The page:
This content is from: Italy

Italy: Transactions with tax havens governed by proportionality (and reason)

Italy has updated its rules governing transactions with parties located in tax havens.

Following a legislative process which began in 2013, the Italian Government on September 14 2015 enacted a decree addressing a wide array of international tax matters, including one of the most controversial Italian tax rules – article 110, paragraph 10 of the Income Tax Code (ITC) – which relates to transactions with parties resident in tax havens.

The rule – which entirely denied the deduction of cost deriving from such transactions – was initially enacted in 1992 and in its initial version referred only to related party transactions. Some years later, the scope of application was enlarged to include unrelated party transactions, but with no corresponding adaptation of the cases of exemption. As a result, the deduction of the cost on the head of the Italian party was subject to the demonstration that either the foreign supplier had an actual business structure (to an unrealistic level of detail, in the case of an unrelated party) or that the transaction was justified by a sound business interest of the buyer (a requirement which has been subject to wide interpretation over the years).

With effect from the tax year in progress as of the date of publication of the decree, the new rule is greatly improved in terms of proportionality, since the denial of deduction now concerns only the portion of cost which exceeds arm’s-length, rather than the entire cost as it was in the earlier text.  Also, the business structure requirement has been abandoned.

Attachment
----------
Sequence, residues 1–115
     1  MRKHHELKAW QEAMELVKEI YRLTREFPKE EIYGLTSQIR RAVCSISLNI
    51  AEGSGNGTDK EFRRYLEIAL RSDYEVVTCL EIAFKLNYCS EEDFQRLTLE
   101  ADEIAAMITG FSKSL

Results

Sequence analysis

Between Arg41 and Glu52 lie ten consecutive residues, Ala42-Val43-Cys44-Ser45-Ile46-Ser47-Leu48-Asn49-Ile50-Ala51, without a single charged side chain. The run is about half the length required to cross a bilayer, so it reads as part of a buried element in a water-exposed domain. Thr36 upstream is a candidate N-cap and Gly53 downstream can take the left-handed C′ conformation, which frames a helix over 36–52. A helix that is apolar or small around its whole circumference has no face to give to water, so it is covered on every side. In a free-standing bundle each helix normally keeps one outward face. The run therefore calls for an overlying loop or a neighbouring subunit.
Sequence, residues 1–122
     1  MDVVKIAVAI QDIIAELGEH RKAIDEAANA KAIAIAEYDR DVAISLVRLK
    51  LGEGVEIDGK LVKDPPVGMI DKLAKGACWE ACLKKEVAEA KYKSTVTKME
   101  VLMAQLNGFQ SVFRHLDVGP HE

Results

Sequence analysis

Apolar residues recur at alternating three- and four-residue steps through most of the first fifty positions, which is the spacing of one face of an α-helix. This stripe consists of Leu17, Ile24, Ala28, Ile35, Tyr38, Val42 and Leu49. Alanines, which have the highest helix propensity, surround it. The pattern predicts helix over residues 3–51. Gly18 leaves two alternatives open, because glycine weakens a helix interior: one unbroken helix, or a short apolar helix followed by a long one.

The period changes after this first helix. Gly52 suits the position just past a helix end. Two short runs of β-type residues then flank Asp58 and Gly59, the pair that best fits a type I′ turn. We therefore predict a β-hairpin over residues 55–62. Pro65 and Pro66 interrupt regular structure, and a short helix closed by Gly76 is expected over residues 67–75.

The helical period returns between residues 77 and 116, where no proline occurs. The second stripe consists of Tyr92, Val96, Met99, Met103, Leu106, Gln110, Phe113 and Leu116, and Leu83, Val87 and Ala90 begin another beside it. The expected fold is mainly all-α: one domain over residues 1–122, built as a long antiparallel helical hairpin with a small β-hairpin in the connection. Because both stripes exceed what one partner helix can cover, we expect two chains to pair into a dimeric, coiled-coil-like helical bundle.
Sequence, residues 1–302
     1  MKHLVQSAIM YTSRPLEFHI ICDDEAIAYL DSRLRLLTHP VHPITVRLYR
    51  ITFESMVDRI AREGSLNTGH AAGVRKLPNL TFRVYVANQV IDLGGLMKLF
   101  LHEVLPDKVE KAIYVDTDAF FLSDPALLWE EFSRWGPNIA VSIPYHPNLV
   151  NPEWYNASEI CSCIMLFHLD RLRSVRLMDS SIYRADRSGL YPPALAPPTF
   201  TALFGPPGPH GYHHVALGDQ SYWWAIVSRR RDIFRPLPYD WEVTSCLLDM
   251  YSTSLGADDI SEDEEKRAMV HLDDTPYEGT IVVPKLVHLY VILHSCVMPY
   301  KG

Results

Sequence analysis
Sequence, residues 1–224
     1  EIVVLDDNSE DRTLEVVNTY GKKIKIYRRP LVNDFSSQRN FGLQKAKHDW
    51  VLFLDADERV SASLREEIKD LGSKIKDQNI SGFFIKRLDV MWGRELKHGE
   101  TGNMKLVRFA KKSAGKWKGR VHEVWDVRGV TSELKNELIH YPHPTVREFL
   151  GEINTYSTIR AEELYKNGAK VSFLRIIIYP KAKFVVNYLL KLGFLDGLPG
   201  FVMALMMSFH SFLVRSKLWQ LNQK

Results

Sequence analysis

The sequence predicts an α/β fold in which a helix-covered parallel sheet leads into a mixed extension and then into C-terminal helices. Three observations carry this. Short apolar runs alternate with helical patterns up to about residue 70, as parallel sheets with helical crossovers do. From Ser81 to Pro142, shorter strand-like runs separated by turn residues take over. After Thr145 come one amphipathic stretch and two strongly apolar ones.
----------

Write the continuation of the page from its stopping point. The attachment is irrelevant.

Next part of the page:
The resulting rule maintains the ‘sound business interest’ exemption and seems to suggest that a non-arm’s-length transaction with an enterprise of a low tax jurisdiction can be justified on other grounds even if, at present, it is not easy to anticipate which justifications will be accepted in the administrative and court practice.

As to the determination of the arm’s-length conditions, the new legislation makes reference to the domestic definition of the ITC. It may be argued that, as a matter of fact, the OECD Guidelines will have some influence on the evaluation of the ‘black list’ transactions, even though the range of methods may be limited by the obstacles to access information in unrelated party transactions.

The reform goes along with the recent changes, also enacted in 2015, to the list of tax havens based on the new sole criterion of the absence of an information exchange agreement. Many countries which were on the list have been deleted in the latest version (Decree April 27 2015): this is the case with the Netherlands Antilles, the Philippines, Malaysia, the UAE, Singapore, Costa Rica and Mauritius. States which have recently entered into a tax information exchange agreement (TIEA) with Italy, like Switzerland, Liechtenstein and Monaco or into a full tax treaty, like Hong Kong, are likely to be deleted from the list in the near future.

The restoration of the ordinary deduction regime for the deduction of cost deriving from transactions with treaty countries has also solved the conflict of the Italian rules at stake with the cost deduction non-discrimination clause contained (without exceptions) in Italian treaties signed before 1992 (when the Italian rule was introduced). The conflict remains, especially in the case of Switzerland; since prevalence should be given to the treaty, the effect of the Italian cost deduction limitation rule is rather restricted.

Giovanni Rolle ( WTS R&A Studio Tributario Associato, a principal International Tax Review correspondent.

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